These are some books I ended up quitting early on. As you guys know, I wasn’t a huge fan of The Darkest Minds trilogy, and once I reached In the Afterlight, I was so bored, I just gave up, especially since I wasn’t really a huge fan in the first place. With The Fever, I was expecting something completely different, and I ended up being faced with petty high school drama. I knew I couldn’t take that, so I decided that it just wasn’t for me. For Before the Fall, I was super excited to read this, but it was a slower thriller, more of a literary thriller, and I felt like the plot hadn’t really moved forward, so I skipped on it. Bad Little Girl was one I felt super bad about, since I received an e-ARC of it, but I read 10 chapters and was so incredibly bored, that I knew it just wasn’t going to happen. I also had a bunch of other e-ARCs to read, so I didn’t feel like wasting time.

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And there’s also another category of DNFs. There have actually been books I’ve DNF-ed that I just read at the wrong time, and have actually become some of my favorite books (or, in one case, a book that I found just fine). I’m always up for giving books second chances if I see enough hype for them, and I’m always glad when I do and find that it was just bad timing the first time around. 

Way back when, I started to read Cinder. I didn’t hate it exactly, but the first chapter didn’t really pull me in. Later on, I picked it up because of Goodreads reviews, and ended up loving it. I binged all three books in the series (at the time, Winter hadn’t come out yet), and it’s now one of my favorite series ever. With The Maze Runner, I’m sort of angry about it because I picked this up way back in the fifth or sixth grade, when it wasn’t popular. Believe it or not, I was obsessed with romance over plot (I know, crazy, right?), and flipped through the entire book to find the scene where they kissed, and was highly disappointed to see the main characters didn’t. I decided to give up on it after two chapters, and picked it back up once it got popular and loved it. I could’ve been a trendsetter you guys! Daughter of Smoke and Bone and Shadow and Bone were both fantasy books where I couldn’t get past the first couple of chapters, but later read and enjoyed. I loved Daughter of Smoke and Bone, while I thought Shadow and Bone was just okay and I never actually continued on past that.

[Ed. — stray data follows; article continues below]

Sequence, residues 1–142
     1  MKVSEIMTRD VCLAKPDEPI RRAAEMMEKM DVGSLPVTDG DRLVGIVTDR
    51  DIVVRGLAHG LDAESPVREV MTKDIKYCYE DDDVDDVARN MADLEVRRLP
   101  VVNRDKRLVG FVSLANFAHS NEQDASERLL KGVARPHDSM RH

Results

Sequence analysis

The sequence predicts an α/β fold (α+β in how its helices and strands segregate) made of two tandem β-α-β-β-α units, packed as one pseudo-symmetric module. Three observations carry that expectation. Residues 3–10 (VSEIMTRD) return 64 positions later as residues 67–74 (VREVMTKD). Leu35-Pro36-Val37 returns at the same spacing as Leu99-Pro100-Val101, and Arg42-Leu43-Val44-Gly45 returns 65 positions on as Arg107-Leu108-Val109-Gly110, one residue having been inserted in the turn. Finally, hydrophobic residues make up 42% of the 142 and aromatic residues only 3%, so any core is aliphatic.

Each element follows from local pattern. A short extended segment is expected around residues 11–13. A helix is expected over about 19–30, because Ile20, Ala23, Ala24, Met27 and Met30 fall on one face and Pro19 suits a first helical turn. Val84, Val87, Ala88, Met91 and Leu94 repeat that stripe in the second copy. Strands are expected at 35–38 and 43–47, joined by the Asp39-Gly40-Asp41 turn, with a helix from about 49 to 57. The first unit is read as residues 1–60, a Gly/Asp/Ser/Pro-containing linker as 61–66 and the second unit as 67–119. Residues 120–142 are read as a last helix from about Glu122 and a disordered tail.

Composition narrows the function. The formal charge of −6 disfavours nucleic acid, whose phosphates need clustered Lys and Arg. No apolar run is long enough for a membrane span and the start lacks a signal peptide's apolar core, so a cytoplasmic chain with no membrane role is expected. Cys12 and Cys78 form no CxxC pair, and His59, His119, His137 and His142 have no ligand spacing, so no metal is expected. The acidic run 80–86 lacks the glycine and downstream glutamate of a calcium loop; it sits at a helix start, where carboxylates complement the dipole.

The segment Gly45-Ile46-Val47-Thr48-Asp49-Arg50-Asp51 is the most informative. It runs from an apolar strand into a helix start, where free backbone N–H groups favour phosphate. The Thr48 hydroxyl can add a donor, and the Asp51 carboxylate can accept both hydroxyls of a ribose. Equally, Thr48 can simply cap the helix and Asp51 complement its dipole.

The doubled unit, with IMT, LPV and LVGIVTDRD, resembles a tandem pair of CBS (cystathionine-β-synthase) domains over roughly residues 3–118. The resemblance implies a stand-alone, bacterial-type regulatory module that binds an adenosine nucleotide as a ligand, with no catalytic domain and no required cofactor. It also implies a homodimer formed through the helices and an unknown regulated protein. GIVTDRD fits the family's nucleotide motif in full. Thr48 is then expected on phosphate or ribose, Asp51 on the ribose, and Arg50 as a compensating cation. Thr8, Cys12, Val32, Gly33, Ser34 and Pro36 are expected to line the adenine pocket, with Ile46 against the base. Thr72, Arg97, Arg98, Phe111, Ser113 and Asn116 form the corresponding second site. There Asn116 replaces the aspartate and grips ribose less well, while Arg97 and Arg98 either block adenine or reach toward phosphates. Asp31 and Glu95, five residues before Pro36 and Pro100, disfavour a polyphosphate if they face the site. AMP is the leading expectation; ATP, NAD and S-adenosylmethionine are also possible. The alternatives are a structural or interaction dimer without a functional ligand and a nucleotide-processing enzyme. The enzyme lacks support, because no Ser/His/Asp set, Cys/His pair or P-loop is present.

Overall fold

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Then there’s the big question: Should we rate books we haven’t fully read? Personally, for me, I have rated a couple, mostly the ones I read 50% or more of. I consider that enough for me to judge the book on, but I know there are some people who only rate books they’ve fully read and feel like it’s wrong to assign one star to a book because it’s sort of unfair. For books I read less than 20% of, I didn’t rate them at all, and for the ones I went back to, the only time I rated them was after I actually completed them the second time around.

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And that’s it for the first ever edition of Let’s Chat! I hope you enjoyed it, because I’ve already written about 10+ topics, and I’m not going to waste them all.

(Just kidding. But I HAVE already written a bunch of topics already.)

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What is your personal DNF policy? What are some books that you’ve DNF-ed? Any books you’ve DNF-ed, then re-read them and enjoyed them?